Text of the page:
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Russia's Nuclear Commitment to Iran

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    No country, including the US will force Russia to abandon its nuclear commitment to Iran Moscow Takes Tougher Stance On Iran Nuclear Issue By Claire Bigg
    Message 1 of 1 , Nov 2, 2005
      No country, including the US will force Russia to abandon its nuclear
      commitment to Iran

      Moscow Takes Tougher Stance On Iran Nuclear Issue
      By Claire Bigg
      Wednesday, October 19 2005

      No country, including the United States, will force Russia to abandon
      its nuclear commitment to Iran, Russian Foreign Minister Sergei Lavrov
      declared yesterday. The uncompromising statement came one day after
      U.S. Secretary of State Condoleezza Rice failed to win Russian support
      for taking Iran before the UN Security Council for possible sanctions.

      Moscow, 17 October 2005 (RFE/RL) -- Speaking on Russian television,
      Lavrov said Iran had the same right as other countries to develop what
      he called "peaceful nuclear energy" and reaffirmed Moscow's intention
      to continue helping Iran build a nuclear reactor near its gulf port
      city of Bushehr.

      "No one," Lavrov added, "including the United States, will challenge
      our right to continue building the atomic electricity station in Bushehr."

      Lavrov was merely reiterating Russia's position on Iran's disputed
      nuclear program, which the West fears could be aimed at producing
      nuclear weapons.

      But his tone struck many as unusually sharp, particularly against the
      backdrop of Rice's surprise visit to Moscow on 15 October.

      Rice flew to Moscow to press Russian President Vladimir Putin to back
      Washington's attempts to haul Iran before the UN Security Council if
      it refuses to return to diplomatic talks over its nuclear program.

      Putin, however, remained unswayed, saying the issue needed to be
      solved within the International Atomic Energy Agency (IAEA).

      Yevgenii Volk, the director of Moscow's Hermitage Foundation, said
      Lavrov's televised statements indicated a firmer Russian position.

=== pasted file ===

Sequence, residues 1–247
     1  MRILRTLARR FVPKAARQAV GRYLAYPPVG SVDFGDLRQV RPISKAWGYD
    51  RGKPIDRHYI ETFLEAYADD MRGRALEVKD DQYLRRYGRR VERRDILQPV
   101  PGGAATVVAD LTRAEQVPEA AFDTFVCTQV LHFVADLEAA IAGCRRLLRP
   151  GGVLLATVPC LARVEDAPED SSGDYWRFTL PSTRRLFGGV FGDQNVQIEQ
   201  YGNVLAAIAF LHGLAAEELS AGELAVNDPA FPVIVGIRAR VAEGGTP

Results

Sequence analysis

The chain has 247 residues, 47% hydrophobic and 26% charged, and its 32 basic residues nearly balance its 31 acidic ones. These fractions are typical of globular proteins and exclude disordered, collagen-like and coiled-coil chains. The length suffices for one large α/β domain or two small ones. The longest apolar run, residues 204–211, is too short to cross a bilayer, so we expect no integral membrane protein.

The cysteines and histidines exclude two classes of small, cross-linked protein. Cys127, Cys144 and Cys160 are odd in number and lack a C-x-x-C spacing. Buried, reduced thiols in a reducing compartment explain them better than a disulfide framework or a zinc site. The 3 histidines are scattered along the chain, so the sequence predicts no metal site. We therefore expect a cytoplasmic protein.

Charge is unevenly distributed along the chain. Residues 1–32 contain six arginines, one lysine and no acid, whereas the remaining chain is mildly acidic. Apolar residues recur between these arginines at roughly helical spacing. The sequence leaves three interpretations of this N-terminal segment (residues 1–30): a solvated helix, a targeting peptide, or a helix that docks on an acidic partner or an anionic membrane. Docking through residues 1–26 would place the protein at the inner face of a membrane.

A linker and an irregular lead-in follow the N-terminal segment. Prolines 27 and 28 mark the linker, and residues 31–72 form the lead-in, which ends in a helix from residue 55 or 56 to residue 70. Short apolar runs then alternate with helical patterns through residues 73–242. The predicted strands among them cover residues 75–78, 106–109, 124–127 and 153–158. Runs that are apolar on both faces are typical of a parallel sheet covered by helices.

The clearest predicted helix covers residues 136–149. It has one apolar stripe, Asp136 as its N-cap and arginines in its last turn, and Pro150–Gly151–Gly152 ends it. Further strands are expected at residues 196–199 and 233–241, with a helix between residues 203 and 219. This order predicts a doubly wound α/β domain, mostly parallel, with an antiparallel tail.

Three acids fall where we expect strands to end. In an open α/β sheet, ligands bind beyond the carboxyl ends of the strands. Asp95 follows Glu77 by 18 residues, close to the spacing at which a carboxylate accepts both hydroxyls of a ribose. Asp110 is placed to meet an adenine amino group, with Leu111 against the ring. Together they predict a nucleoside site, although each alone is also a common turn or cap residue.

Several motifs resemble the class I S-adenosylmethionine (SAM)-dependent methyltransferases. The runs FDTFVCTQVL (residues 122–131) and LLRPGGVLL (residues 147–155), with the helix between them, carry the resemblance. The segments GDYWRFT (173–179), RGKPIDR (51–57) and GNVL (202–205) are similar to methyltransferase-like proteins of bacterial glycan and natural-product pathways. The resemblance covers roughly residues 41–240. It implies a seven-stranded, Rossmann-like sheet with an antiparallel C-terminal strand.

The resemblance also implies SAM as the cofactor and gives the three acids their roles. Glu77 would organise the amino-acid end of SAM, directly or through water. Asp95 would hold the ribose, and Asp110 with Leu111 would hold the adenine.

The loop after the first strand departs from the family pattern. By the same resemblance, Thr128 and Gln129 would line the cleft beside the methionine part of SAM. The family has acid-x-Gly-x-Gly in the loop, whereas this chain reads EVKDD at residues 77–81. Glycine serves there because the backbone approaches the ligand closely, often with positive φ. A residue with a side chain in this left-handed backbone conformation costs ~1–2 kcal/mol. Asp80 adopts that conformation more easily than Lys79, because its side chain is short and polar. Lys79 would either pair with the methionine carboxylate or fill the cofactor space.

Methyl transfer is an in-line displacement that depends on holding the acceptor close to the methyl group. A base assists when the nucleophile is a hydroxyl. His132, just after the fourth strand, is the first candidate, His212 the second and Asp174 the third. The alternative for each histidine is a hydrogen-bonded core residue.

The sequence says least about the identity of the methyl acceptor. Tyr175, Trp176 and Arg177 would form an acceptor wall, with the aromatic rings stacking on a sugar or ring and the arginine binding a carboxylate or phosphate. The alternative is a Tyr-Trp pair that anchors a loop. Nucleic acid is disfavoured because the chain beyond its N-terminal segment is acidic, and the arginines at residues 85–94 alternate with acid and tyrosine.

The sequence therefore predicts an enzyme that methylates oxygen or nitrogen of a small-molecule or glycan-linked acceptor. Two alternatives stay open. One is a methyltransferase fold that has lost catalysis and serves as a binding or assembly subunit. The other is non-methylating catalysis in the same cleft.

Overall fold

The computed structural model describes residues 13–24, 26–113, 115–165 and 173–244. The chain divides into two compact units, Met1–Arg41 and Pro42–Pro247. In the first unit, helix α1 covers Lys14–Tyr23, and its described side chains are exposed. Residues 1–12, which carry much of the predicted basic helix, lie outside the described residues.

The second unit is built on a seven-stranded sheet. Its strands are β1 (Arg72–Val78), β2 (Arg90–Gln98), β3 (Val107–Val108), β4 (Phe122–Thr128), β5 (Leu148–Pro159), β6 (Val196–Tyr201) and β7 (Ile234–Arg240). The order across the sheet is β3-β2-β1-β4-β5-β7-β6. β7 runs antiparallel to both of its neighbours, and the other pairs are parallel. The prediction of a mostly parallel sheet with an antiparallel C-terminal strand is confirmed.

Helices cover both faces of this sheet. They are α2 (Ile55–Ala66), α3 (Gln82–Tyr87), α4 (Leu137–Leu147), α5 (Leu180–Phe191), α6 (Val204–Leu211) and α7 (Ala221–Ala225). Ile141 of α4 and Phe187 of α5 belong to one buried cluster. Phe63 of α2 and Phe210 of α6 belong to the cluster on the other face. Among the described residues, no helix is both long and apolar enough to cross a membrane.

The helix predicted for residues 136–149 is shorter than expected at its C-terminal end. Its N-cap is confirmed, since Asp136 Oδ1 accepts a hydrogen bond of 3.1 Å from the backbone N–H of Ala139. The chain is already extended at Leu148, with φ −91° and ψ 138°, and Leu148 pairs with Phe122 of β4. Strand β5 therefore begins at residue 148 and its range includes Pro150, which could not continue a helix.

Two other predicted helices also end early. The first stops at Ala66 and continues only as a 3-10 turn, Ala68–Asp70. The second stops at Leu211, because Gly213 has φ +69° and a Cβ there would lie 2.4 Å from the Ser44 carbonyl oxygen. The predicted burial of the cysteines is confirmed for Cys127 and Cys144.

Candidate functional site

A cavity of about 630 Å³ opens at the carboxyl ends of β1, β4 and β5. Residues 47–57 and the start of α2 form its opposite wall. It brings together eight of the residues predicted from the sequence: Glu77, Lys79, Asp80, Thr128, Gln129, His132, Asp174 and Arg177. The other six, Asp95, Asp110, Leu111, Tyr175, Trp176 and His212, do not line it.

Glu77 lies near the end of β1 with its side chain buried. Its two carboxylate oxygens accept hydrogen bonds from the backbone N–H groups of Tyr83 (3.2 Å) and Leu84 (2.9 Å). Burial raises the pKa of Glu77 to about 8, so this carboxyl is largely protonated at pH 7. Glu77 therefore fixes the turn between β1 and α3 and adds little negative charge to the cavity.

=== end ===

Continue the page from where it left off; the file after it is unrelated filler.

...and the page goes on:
"No such tough comment [on Iran] has been made in the past," Volk
      said. "This is definitely a hardening of Russia's stance, a clear
      signal to the U.S. that there can be no agreement on this issue today
      and that Russia intends to continue its atomic cooperation with Iran.
      In my opinion, this is a very serious moment in [U.S.- Russia]
      bilateral relations."

      Volk said Iran's nuclear program has become the main bone of
      contention between the United States and Russia, and predicted this
      issue will seriously sour both countries' relations in the future.

      "The Russia-U.S. relations concerning the Iranian issue are not
      improving, they are, on the contrary, worsening," Volk said. "In the
      future, this will seriously complicate other problems that now exist
      in bilateral relations between Moscow and Washington."

      Some other analysts agree that Moscow looks set to continue resisting
      any Western efforts to refer the Iran nuclear crisis to the UN
      Security Council.

      Ruslan Pukhov, a defense analyst who heads the Center for Analysis of
      Strategies and Technologies in Moscow, said the protracted war in Iraq
      has weakened the United States in the eyes of Russia and emboldened
      Moscow to adopt a firmer tone on Iran.

      "Maybe Russia can afford to express its dissatisfaction and its
      disagreement in a tougher manner because it understands in what
      difficult situation the U.S. now finds itself regarding the war in
      Iraq," Pukhov said.

      Meanwhile, Russia today rejected a report published in the "Sunday
      Telegraph" on 16 October that former Russian military members helped
      Iran obtain ballistic-missile technology.

      The report, which does not cite the sources of that information,
      claims Russia acted as a mediator between Iran and North Korea
      according to a deal they clinched in 2003.




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